Everyone’s job and no-one’s: regional planning in Wellington
Derek’s guest post has some pretty interesting ideas about moving stuff around in our region so things work better. It made us think: who’s actually in charge of figuring that out what goes where? There’s no Boss Baby but surely someone’s owning it…? Spoiler: nope.
Bits and gaps, but no Boss
Since enough Wellington cities rejected the amalgamation proposal in 2012, we’ve stuck with our structure for planning stuff. (Fascinating history of that stuff here.)
That means: four cities, five district councils (most of the public-good physical fabric and operations of our towns and cities), and regional council (air, soils and earth, natural water, biodiversity, bits of public transport), plus a “regional” bit of the national transport agency, and one of the same kind of thing for health services, and another that decides where schools go. One council-controlled agency does three waters for the region, plus we’ve an economic development agency, and a regional civil defence body.
But where it comes to the Big Calls and to planning ahead so stuff actually works together, there are heaps of gaps.
For example, what movement we need (vs what should be accessible with small trips) is split amongst at least three outfits: NZTA (state highways, more than you’d think), GWRC, your local council.
Where in the region big destinations and services should be vis-à-vis living places for lots of people – airport, schools, transport nodes – nobody’s on that. What industries and activities should be encouraged and discouraged regionwide – nobody’s got that either. It’s all bits and gaps.
Even if we just look at transport, there’s no Auckland Transport Alignment Project. On the contrary, our region’s single biggest future-focussed transport investment for ages has an arbitrary cutoff at Ngauranga.
This ain’t good, folks.
According to the Productivity Commission’s report on local government [PDF], the lack of regional planning is one of the major reasons things aren’t working well (and testimony to people’s workaround powers when things do!).
In maps we find salvation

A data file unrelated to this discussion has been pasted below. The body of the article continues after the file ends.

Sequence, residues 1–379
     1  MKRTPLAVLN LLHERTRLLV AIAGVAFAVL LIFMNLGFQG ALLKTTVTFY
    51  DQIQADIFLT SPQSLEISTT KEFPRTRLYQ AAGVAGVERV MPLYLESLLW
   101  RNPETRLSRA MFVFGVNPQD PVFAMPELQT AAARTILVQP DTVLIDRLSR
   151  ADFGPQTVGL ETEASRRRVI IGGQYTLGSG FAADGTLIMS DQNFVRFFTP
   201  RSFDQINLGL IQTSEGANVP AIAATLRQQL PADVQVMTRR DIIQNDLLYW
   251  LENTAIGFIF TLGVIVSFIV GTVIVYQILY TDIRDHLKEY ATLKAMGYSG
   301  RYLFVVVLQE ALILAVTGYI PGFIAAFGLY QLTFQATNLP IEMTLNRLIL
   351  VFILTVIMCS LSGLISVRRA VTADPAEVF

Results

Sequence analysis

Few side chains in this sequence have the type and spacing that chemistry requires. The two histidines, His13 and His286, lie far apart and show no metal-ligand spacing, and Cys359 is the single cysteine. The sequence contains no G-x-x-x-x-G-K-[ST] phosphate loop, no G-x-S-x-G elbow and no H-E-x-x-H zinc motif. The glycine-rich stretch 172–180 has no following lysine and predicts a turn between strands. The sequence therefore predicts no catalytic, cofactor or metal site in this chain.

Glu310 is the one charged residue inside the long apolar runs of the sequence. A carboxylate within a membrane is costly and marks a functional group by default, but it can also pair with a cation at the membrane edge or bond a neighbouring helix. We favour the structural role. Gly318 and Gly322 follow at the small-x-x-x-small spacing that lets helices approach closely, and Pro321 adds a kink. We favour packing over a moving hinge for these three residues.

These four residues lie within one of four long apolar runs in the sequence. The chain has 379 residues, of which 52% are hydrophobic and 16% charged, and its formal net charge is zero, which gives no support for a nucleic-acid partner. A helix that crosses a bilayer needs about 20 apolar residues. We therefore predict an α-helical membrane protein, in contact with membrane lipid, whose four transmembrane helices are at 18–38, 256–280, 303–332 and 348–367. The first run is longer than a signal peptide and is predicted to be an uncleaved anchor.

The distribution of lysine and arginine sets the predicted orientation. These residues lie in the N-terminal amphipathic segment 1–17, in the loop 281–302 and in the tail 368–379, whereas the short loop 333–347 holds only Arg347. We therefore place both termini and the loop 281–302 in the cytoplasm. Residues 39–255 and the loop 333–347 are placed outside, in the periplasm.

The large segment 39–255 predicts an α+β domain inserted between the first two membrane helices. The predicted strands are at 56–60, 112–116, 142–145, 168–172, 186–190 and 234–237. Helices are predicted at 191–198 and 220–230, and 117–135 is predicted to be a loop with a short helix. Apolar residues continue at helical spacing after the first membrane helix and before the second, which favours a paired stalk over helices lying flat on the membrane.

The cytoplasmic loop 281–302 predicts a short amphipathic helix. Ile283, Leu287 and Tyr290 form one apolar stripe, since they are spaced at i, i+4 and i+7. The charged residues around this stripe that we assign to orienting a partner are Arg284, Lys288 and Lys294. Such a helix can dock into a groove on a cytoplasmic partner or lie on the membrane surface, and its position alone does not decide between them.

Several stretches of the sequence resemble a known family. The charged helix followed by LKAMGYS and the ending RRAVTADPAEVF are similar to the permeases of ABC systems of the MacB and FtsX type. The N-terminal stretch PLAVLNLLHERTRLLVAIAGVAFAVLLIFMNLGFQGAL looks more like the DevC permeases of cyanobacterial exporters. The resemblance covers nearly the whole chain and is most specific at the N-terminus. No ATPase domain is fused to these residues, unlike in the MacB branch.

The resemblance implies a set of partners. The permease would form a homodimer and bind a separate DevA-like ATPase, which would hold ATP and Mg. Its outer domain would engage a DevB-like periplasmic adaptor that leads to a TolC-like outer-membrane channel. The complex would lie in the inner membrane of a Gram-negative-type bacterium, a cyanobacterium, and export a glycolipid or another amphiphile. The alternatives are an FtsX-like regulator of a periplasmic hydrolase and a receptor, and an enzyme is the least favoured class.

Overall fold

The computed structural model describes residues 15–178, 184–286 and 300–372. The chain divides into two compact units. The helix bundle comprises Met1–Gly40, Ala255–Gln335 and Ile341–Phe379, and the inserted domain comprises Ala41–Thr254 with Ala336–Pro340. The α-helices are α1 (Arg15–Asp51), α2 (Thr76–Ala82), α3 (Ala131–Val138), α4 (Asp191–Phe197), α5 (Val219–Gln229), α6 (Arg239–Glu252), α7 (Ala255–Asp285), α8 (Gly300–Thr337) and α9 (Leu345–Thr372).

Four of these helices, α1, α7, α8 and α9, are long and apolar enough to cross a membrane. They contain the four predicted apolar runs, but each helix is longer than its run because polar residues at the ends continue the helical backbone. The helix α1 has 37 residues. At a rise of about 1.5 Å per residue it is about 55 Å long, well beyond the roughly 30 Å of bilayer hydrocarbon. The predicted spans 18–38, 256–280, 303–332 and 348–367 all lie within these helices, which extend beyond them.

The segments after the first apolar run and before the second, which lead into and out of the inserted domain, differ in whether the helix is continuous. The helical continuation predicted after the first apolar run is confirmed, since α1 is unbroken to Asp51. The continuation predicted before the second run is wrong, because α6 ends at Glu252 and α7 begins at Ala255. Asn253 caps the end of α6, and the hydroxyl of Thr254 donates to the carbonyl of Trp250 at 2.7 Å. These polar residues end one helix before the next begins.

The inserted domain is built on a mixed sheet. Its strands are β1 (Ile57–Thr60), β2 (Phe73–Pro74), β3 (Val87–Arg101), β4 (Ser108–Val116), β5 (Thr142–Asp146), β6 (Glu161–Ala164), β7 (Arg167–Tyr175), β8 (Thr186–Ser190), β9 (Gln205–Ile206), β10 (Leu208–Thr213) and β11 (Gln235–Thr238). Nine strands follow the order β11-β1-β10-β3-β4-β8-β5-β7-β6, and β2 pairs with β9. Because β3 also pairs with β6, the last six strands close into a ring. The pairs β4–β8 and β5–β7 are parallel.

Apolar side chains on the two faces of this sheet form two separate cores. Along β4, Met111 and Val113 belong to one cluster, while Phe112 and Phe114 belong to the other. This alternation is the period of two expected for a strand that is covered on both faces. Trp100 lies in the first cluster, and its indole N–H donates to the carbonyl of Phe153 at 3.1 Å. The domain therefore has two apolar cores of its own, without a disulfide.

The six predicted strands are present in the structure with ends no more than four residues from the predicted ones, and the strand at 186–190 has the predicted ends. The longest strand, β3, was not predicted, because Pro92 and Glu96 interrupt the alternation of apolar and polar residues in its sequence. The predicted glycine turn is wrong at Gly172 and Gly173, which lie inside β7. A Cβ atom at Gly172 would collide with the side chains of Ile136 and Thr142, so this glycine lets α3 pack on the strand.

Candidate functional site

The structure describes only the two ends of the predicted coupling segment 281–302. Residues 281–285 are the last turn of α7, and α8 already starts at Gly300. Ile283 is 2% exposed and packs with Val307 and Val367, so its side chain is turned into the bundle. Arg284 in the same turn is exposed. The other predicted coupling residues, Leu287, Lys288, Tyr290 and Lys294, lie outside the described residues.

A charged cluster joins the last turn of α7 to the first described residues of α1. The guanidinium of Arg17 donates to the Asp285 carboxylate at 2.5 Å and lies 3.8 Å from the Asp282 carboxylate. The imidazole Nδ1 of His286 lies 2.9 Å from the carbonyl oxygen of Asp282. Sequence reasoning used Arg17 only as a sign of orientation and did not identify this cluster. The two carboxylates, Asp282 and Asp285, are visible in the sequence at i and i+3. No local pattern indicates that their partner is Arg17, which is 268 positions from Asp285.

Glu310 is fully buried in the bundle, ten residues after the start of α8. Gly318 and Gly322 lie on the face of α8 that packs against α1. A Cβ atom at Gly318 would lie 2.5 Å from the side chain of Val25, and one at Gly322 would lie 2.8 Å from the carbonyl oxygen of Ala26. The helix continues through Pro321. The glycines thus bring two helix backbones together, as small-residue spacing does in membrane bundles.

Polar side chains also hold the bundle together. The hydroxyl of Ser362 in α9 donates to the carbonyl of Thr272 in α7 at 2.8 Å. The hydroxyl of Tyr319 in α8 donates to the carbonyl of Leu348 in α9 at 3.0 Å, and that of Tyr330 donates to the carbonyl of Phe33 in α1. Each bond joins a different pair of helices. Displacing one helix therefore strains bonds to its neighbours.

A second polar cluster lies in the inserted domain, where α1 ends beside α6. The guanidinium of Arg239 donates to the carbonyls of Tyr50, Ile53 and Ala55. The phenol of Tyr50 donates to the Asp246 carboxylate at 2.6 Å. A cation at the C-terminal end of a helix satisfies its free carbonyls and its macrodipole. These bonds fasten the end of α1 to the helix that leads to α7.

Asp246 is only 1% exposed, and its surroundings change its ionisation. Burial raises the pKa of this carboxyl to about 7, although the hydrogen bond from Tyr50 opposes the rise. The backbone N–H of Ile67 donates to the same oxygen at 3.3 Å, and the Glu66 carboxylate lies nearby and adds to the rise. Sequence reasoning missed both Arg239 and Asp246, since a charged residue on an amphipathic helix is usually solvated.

Spatial planning – essentially using space (locations) – is a damn useful tool. If the Wellington region can at least get the different bodies looking at the one map (or integrated set of maps) that shows All The Things that’ll be a damn good start for regional planning.
It might help bridge some of the jurisdictional divides that create bits of idiocy like the Ngauranga cutoff for Let’s Get Wellington Moving, or the phenomenon of bus station shelters versus (in the conflict sense) the running of bus services.
The Local Government Commission is looking into all this, apparently. They say
“Spatial planning was one of the areas of focus that the Commission and the Wellington Mayoral Forum agreed should be investigated after the reorganisation process was restarted in June 2015.”
I believe there’s also an obligation on councils to do spatial planning, brought in as part fo the 2013 RMA reforms. Spatial planning is so useful it’s slightly terrifying that all our local government need to be told to use it more.
There’s a wide range of mappish things being used to do spatial planning-type work, region-wide.
Prettiness doesn’t equate to usefulness, but to take just one council there’s the “flat picture” through to the functional but user-unfriendly GIS based website through to the rather beautiful immersive visualisation (but you need to be in the special goggles to see it properly). And, of course, Google Maps, Satellite and Earth.
There are lots of reasons why we’re a bit crap at it (just ask Land Information New Zealand and the spatial profession). But we shouldn’t be – and if it helps us do better regional planning it’s nothing but good!
- What do you know about regional planning? Are we more advanced in Wellington than this author realises?
- And do you know any cool spatial planning that’s happening in our region? It mightn’t be done by the Authorities – it might be regular citizens, or combinations of the two!